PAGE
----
Category Archives: Water analysis – biological contamination

Focus on Queensland news.
Safe drinking water, medical uses (e.g. dialysis), recreational water and recycled water.
Identification of bacterial, parasitic and viral pathogens in Queensland water supplies.
Cryptosporidium | Giardia | Clostridium | Legionnella.
Water quality in relation to Spa pools | Swimming pools | Coliform bacteria | Faecal coliforms.
Waterborne disease outbreaks | Epidemiology.
Journal articles have a broader geographic scope.

Great Barrier Reef water quality projects to be fully funded by Commonwealth: Greg Hunt

ABC News 26 April 2016

An extra $50 million will be spent on new projects to improve water quality on the Great Barrier Reef, Federal Environment Minister Greg Hunt says.

Australian Water Quality Centre [Advertioria]

Responding to customer demand, AWQC has opened its Melbourne laboratory to better service the time-critical analytical needs of the Victorian water industry. With over 80 years’ experience, AWQC’s specialist water utility services are dedicated to ensuring public health through the analysis of water and wastewater across the complete water cycle.

Includes statements of capabilities and facilities.

Visit AWQC website

Microbes offer waterway rehabilitation clarity

AWA Source 18 April 2016

Studies from the university’s Mine Water and Environment Research Centre have indicated that microbes would be far easier and cheaper to use in monitoring the health of rivers than the larger animals currently used, such as aquatic insects.

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Potentially dangerous marine bacteria found in Sydney Harbour April 13, 2016

A POTENTIALLY dangerous species of marine bacteria has been found in Sydney Harbour and swimmers are being told to take simple precautions.
According to a new study, two species of Vibrio bacteria were found in high concentrations when the water in the harbour was at its warmest and in areas where it was not as salty. This included around Parramatta Park, Olympic Park and Rozelle.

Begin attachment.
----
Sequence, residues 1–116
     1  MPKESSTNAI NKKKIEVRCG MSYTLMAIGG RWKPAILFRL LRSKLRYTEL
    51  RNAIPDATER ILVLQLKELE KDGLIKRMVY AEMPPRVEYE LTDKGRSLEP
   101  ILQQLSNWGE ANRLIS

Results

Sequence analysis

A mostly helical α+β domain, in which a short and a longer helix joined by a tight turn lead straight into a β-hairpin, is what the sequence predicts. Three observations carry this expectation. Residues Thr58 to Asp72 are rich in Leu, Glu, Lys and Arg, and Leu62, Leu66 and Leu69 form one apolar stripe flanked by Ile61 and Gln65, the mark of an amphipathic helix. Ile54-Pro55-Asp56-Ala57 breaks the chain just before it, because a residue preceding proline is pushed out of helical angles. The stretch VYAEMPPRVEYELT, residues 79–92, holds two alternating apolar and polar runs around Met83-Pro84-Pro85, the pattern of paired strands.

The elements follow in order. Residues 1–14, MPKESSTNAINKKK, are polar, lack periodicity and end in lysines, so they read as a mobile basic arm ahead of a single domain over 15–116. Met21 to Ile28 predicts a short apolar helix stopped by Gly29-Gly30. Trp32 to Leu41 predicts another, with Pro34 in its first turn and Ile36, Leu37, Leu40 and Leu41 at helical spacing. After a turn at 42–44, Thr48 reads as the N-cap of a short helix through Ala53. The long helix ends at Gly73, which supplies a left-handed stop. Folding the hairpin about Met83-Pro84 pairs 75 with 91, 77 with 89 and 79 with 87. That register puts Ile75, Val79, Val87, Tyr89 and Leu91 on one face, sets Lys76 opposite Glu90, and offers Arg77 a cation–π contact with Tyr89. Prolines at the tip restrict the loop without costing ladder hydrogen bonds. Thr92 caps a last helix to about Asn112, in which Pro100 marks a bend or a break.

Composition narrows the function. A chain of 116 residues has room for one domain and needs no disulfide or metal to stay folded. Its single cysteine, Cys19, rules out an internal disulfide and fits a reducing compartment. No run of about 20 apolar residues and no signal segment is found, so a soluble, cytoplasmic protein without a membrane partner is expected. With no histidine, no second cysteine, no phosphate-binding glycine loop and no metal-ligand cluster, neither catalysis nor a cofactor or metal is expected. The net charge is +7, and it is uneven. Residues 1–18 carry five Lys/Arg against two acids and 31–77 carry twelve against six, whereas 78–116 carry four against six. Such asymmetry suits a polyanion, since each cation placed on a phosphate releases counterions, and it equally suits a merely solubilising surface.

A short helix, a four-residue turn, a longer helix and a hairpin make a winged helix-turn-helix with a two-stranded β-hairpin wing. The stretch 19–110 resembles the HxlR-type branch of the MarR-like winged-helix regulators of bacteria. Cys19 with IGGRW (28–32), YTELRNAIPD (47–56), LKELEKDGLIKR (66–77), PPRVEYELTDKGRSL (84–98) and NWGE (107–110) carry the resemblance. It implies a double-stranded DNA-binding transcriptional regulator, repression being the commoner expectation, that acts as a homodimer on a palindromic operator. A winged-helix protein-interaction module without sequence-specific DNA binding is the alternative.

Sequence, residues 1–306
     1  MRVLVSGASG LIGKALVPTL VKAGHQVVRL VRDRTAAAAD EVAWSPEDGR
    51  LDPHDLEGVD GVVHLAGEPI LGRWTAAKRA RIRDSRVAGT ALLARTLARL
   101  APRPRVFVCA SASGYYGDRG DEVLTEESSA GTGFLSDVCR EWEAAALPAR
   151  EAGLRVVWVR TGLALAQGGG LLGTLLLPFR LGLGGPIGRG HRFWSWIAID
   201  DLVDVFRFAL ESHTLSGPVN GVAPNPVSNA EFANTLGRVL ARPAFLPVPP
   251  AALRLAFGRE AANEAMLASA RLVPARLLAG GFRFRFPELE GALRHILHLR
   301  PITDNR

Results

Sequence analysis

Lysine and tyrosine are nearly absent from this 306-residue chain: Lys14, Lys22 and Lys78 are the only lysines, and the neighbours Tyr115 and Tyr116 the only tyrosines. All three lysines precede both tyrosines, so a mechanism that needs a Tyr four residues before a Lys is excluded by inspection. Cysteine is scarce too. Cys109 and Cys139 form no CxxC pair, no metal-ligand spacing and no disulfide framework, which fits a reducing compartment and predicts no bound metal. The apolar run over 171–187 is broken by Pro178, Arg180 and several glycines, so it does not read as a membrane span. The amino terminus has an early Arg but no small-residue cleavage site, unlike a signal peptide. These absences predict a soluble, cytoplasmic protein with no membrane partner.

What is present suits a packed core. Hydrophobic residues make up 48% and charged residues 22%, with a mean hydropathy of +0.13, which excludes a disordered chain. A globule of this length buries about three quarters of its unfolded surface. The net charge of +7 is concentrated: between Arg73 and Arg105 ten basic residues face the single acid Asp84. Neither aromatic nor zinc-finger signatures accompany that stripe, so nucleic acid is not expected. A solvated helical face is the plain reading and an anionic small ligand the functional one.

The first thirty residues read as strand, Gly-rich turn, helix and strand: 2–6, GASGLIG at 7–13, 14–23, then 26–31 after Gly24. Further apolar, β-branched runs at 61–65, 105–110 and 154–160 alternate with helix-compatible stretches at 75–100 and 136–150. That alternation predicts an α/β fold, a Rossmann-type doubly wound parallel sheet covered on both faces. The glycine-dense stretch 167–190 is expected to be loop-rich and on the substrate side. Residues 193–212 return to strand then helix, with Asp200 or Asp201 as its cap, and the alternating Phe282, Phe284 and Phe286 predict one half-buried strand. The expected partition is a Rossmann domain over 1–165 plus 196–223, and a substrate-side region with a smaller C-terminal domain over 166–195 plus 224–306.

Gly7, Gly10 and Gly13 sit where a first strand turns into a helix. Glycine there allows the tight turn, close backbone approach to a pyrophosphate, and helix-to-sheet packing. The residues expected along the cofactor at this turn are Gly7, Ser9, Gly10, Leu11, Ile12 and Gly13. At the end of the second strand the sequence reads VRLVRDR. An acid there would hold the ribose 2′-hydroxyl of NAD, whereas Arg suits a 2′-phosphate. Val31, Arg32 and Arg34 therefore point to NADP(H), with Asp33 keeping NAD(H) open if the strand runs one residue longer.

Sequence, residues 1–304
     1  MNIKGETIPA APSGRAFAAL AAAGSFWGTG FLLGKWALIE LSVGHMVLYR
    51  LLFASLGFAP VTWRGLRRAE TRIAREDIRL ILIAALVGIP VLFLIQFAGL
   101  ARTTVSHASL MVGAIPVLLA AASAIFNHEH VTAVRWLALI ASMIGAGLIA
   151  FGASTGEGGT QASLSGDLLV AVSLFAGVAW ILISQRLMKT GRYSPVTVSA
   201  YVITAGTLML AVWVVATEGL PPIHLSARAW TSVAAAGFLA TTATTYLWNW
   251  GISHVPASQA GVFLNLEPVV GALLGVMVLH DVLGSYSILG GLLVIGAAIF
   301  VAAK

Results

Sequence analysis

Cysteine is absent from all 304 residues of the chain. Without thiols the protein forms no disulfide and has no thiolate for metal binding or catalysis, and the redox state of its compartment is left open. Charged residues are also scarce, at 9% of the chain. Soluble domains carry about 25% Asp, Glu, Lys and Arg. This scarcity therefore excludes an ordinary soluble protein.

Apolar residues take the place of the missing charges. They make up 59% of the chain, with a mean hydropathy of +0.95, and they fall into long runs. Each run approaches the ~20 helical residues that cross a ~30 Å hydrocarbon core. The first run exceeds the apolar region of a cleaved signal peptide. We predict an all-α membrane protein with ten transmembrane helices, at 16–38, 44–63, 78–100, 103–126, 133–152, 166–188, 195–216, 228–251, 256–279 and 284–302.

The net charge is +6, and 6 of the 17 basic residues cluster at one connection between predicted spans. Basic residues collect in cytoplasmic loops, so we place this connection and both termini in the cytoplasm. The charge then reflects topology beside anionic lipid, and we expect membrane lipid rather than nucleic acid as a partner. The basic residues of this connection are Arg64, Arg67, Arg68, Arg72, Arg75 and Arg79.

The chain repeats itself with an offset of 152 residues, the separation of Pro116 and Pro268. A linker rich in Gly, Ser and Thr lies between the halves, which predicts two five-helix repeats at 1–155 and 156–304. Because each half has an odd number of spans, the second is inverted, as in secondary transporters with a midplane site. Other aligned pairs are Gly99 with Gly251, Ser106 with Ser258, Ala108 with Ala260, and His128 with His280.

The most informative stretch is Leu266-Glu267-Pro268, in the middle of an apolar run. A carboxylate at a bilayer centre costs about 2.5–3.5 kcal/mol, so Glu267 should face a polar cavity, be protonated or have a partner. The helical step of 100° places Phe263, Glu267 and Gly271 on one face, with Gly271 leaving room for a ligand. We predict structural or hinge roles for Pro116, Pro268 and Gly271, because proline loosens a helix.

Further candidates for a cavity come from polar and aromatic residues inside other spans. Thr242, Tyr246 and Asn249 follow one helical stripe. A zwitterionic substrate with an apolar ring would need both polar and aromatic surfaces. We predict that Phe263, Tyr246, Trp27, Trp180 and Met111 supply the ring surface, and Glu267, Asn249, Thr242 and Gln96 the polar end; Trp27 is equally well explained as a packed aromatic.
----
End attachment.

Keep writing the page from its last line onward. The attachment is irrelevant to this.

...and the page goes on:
Vibrio bacteria can cause cholera but this strain was not found in the samples.
However, a related strain of the bacteria was found in high quantities and this can cause skin infections and gastrointestinal infections when exposed to open wounds.
Another strain Vibrio vulnificus was also found. This particular strain is known in the US for causing 95 per cent of all deaths from people eating contaminated seafood. It also causes flesh-eating infections in swimmers and this has killed up to half the people who developed the condition.

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Link to UTS research article:

Conference Alert – AWA North Queensland Regional Conference

Riverway Arts Centre, Townsville;  21-22 July 2016

This conference  will focus on the important topic of “Securing our water future”. It is about ensuring sustainable water supplies, whilst managing environmental concerns and economic development in North QLD.  The program will present a broad range of papers relating to drought and water security, nutrient runoff, the Great Barrier Reef impacts, significance of point and non-point sources, northern Australia development, collaboration and operational and maintenance concerns for water utilities and other organisations. More than 100 delegates are expected for this important regional event.

View conference webpage and Call for Papers

Which popular recreation lagoon has been contaminated with micro-organisms associated with faecal matter?

Albert & Logan News 7 April 2016

WARNING signs urging residents to avoid contact with the water have been erected around Tygum Lagoon at Waterford West.
Logan City Council has confirmed higher than acceptable levels of E.coli and enterococci were detected by Logan City Council water monitoring.
Chair of the Health, Environment and Sustainability Committee, Cr Lisa Bradley said recent water quality analysis had found that the lagoon was contaminated with micro-organisms normally associated with faecal matter.

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Cane grower says legumes are the key to protecting the Great Barrier Reef

6 April 2016

Could legume production be the key to improving water quality on the Great Barrier Reef?

Despite recent criticism that industry best management practice programs won’t deliver the water quality targets of the Reef 2050 Plan, Mr Mattsson has argued that greater use of legumes as a rotational crop for cane could help protect the reef’s future.